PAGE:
Naturally, the death of his mother had shaken him. He had admittedly left home twenty years before and had not seen her for the last seven. And he had rarely had the time to spare her a thought. But she had been his mother, after all.

Now it was all over. Death had crossed out the past, as if with a black stroke of the pen.

He had received word of her illness when it was already too late. He found a short letter from his sister, an empty house and his mother's grave. He sent a postcard to his sister, bought a wreath for his mother's grave and intended staying no longer than it took him to sell the house or at least rent it out at a good price.

This thought brought his feelings on an even keel again. Death - it was inevitable, yet always made him anxious. He was not used to such thoughts, nor did he wish to become so. Life was, after all, something quite different.

He turned into the street which led down to the town. A small dark man zig-zagged from the one pavement to the other and lit the gas lanterns with a long pole. From some way off the clatter of a cart could be heard. And this clattering finally woke Jürgens.

His fate and that of his sister came to mind: himself standing behind the counter of the pharmacy from morn till night for twenty years in the stale air of medicaments, and she in a small faraway provincial town supporting her alcoholic husband and with her brood of children constantly growing. Such had been their lives.

One or two times a year they had written to their mother and to one another. He wrote about his salary increases, she about her latest child; and their mother wrote that everything was as it always had been.

Perhaps they too had once had other ambitions in life. But life had not fulfilled its promise. And Jürgens had finally accepted life for what it was.

No, life had not been easy. And he had begun foolishly. He had gone to the big city like so many others from the provinces and had found pleasure in his smart suit of clothes and cavorted with the women there.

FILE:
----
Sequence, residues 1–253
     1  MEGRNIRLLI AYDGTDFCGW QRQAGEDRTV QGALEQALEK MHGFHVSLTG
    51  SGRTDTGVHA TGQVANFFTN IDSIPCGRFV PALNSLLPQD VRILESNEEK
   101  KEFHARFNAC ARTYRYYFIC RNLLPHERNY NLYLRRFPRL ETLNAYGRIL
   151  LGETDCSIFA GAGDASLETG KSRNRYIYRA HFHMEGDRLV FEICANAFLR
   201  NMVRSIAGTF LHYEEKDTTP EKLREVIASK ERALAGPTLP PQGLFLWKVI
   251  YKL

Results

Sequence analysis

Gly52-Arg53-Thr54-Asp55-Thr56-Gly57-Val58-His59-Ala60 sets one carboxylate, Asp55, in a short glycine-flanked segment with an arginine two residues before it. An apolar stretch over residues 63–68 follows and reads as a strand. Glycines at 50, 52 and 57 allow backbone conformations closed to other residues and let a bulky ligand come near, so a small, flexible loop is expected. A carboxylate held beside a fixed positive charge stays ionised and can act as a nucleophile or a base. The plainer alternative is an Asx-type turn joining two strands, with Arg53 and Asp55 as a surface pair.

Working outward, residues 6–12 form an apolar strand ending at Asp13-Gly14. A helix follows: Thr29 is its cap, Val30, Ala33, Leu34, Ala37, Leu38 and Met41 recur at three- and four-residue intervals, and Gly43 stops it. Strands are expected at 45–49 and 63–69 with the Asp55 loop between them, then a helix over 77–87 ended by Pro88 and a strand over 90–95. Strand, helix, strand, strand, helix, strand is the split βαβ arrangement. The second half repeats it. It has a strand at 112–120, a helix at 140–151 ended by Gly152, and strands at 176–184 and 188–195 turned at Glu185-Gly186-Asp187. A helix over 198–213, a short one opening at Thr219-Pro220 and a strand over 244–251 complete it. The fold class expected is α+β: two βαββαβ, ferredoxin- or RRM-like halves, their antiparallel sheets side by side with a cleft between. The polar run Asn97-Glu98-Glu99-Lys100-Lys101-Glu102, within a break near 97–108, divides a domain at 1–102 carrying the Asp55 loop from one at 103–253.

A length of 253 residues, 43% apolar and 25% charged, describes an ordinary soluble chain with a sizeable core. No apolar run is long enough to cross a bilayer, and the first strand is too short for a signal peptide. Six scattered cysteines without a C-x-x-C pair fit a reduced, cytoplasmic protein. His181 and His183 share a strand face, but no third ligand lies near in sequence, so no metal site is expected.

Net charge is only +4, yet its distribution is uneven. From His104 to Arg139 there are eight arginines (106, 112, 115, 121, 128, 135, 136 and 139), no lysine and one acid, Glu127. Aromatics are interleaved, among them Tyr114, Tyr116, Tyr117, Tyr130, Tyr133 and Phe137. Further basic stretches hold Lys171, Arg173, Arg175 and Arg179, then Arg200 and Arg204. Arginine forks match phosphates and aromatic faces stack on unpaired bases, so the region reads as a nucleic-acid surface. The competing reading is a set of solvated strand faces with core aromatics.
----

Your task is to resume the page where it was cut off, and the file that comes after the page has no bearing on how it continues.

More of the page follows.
But thank heavens that was soon over. He just did not have the passion, at least not for sin.
Women - they required money, health and time. And he did not possess too much of any of these.

First of all he had discovered the value of money and time. And his yellowish consumptive face did not speak of the constitution of a lady-killer.

Then he understood what he needed to lead was a quiet life. A man had commitments and these commitments brought in the money. Everything beyond this was sheer futility.

He had buried himself in the dust of the pharmacy.


But once again the ringing of the golden hoop woke him. He saw it approaching, waiting for him round the next bend in the road. It seemed to be tired and resting on a rock by the roadside just as he was. One last effort and he would reach it.

His feet were cut, but he took no notice. He was deathly weary but kept on running!

The day drew to a close. He had run in one huge circle. The meadows were growing blue. He turned back in the direction of the town. Its windows gleamed.

He still could hear the sound of the hoop, faintly as if through a mist. There was no one around him any more. He limped at a half-run under the trees. The street seemed full of blue mist. Somewhere the hour struck. He felt a great weariness, as if he had been running for many years.
Then suddenly he realised he was back in a familiar street. Yes, here was the house of his parents.

He reached the gate and stood listening: somewhere in the distance the hoop still tinkled, but its ringing was becoming fainter and fainter, then sounding as if it were right above his head, quivered and stopped as if dissolving into the evening.

He stepped into the garden.

Through the line of tall trees on the other side of the street the low sun threw a broad swathe of light. The whole garden was full of its yellow glow.